The challenge for reformers is how to get this off the ground. Most people never give a thought to spelling reform, because they accept the system almost as if god-given. There are also plenty of apologists who argue that there isn’t really that much wrong with it, that reform would be difficult to implement and that is not guaranteed to do much good.

    So all that supporters of reform can do is keep pointing out the costs of having a shambolic writing system like the English one, in the hope that one day more people will realise that it’s silly to continue putting up with it and start calling for change. And i suspect that this will come about in some totally unexpected way.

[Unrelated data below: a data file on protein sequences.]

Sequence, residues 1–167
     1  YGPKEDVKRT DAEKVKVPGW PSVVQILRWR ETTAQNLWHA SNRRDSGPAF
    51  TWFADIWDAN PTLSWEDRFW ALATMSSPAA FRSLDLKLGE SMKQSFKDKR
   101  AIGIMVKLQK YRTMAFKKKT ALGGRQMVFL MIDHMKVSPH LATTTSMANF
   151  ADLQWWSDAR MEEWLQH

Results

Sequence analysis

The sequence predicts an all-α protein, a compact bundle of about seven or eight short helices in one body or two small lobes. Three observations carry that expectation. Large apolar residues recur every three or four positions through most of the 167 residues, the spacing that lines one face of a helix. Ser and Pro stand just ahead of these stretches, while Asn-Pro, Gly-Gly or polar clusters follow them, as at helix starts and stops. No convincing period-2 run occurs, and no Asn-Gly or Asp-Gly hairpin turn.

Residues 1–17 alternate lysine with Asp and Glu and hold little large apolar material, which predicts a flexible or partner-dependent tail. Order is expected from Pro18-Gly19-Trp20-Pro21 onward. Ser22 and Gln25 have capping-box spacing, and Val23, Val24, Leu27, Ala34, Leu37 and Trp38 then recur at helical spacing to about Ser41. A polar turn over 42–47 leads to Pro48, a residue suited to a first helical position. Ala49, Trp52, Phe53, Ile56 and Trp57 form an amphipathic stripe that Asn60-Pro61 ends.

The main improvements to the English language were brought about by the lower classes during the three centuries of Norman rule (1066 to roughly 1350). They freed it of nearly all the grammatical complexities which still encumber other European languages. They helped to make it the exceptionally modern and user-friendly means of communication it is now, while the upper classes were busy ingratiating themselves with the Normal overlords and switching to French, and paying little to heed to what the lower orders were doing. Perhaps English spelling will one day get improved in a similar bottom-to-top way? But i have no idea how this might come about.